Sunday, April 13, 2014

Revisiting Mt. Maculot

Revisiting Mt. Maculot 13 years after was like seeing it as it was 13 years before. The natural features of the mountain which made it the Philippines’ most popular hiking destination are much the same: the rockies (706M ASL), the legendary mountaineers’ store (in more concrete structure), the short tunnel, steep ascent, rest stops with bamboo benches, open space with a view of the Taal Lake and the towns, campsite and the splendid view of Taal Lake and the surrounding towns of Batangas. Every rest stop still has the bench, canvas tarp, buco juice and drinks to offer (at higher prices though.)  Surprisingly, with the support of the local barangay, the trail is well maintained, there is minimal litter, there is no stench and garbage at the campsite.

What has changed are the establishments at the market leading to the jump-off. There are concrete structures like the multi-purpose gym, resorts, 7-11 and bigger commercial units. But the most concrete change are the people who trek, understandably they are much younger, more females than males, a lot of exclusive all-female groups, better equipped and dressed trekkers. Guides (like Yolly) are now available who delight newbies on what the Maculot means to them with anecdotes about personalities and activities at the campsite.  Striking a pose though is not for posterity but for Facebook and to comply with a selfie. But as in before, trekkers you meet in the trail are genuine and not phoney. The customary greetings of “Good Morning,” “malayo pa ba?” “nakayanan niyo Daddy?” fun and kulitan along the trail and respect for other groups are still the same behavior and language practiced before. People that you meet are true to themselves and nice to be with even for a short moment. You know that interaction is genuine rather than phoney because it is easy to strike a casual and relaxed conversation with anyone in the mountain whose conversation can extend on and on and on. That to me is one liberating moment that will not change because climbing mountain is experiencing the freedom of the hills. Maculot remains to be the climbing entry level to enjoy that freedom.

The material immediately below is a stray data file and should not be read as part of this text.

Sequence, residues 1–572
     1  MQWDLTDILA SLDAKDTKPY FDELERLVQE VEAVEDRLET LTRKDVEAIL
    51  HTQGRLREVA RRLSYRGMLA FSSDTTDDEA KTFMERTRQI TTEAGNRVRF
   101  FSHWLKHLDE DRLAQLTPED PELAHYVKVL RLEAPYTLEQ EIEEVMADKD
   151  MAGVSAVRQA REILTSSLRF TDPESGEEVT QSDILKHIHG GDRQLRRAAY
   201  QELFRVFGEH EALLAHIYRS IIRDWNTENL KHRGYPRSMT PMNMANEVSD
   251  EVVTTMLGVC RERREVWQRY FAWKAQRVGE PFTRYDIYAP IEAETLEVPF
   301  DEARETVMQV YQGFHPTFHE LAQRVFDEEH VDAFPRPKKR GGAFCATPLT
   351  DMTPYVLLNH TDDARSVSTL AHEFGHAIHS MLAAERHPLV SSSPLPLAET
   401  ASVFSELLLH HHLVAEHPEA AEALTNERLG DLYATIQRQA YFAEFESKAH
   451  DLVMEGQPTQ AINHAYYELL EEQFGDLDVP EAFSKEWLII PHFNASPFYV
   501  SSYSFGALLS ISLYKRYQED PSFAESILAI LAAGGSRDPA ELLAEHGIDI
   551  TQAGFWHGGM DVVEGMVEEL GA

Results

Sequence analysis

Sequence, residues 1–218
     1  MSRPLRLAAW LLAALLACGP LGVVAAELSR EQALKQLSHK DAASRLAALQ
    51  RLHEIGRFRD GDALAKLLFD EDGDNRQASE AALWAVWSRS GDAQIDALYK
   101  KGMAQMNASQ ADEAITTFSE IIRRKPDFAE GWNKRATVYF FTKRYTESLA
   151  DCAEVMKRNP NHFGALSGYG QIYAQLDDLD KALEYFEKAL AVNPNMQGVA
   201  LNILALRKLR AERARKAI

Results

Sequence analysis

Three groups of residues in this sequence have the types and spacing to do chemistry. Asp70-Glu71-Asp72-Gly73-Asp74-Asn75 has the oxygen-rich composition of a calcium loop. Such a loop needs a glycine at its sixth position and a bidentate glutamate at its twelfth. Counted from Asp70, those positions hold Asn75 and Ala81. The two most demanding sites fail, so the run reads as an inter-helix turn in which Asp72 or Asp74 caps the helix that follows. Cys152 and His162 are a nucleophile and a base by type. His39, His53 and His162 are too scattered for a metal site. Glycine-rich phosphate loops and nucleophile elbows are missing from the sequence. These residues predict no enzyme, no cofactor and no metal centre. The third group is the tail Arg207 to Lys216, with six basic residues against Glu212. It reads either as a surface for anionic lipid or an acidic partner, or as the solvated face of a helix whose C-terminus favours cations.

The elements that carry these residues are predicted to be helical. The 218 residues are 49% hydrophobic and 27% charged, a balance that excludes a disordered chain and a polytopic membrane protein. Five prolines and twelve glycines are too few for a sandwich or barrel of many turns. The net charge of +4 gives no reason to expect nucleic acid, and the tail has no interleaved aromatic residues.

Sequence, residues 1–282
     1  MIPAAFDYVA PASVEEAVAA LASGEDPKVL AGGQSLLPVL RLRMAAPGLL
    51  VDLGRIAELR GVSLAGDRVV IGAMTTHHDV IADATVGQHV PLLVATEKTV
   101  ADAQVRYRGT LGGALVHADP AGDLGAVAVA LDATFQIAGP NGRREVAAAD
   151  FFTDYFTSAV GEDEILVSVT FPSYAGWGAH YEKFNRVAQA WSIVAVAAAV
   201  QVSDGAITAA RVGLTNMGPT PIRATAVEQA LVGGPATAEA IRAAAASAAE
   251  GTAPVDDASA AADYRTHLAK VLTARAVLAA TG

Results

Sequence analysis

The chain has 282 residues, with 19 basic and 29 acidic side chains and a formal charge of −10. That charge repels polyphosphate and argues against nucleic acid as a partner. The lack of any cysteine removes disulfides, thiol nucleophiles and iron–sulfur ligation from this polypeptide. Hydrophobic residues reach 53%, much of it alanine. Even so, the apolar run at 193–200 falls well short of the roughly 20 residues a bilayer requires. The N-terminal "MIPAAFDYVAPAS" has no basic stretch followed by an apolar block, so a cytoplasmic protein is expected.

-Chito 12 April 2014

Mt. Maculot is All Geared Up For The Holidays
Dec 1 1997, 4:00 pm
Newsgroups: soc.culture.filipino,
Date: 1997/12/01
Subject: Mt. Maculot is All Geared Up For The Holidays

Climbing Mt. Maculot last 29-30 November, you can say Christmas has come upon this place. At night, you'll drive through several kilometers of Christmas lights in San Jose lined up against darkness in the main road. The lights are punctuated with Christmas decors, sometimes giant wreath, at times bells. It's like entering a tunnel of lined lights continuously for about 10 minutes.

Upon registering at Barangay Siete, the new registration desk that is just meters away from the Mountaineers Store, you'll immediately sense the cold strong breeze coming from the mountain.

When you reach the shoulder, prepare your windbreaker. Support your tadpole or geo-dome type tents with guyline and complete sets of pegs. It's as if there's a storm coming. Temperature without the wind factor was surprisingly just below 20 degrees.

I have never seen that many campers in the peak, counted at about 380 plus by the Barangay volunteers. Bulk was composed of the Mapuan climbers celebrating their anniversary. The group I was with at the trail (Cebu Pacific and the Greenmeadows group) had to contend with the flat ground between the shoulder and the water source.

With all the dining, the drinking and the socials that night complemented by the cold weather and the strong winds, you can say Christmas has really come upon this mountain. The smell of latrine though brings you back to your reality that there is still the descend and work that awaits you this Monday.

Mt. Maculot is in Cuenca Batangas Philippines, a small town 2 hours from South Expressway. It is considered as a minor, weekend climb and a favorite among novice trekkers. The campsite at the shoulder is about 706 meters ASL. Trek time from the foot to the shoulder is about 1 1/2 hours. Add another hour to the summit.

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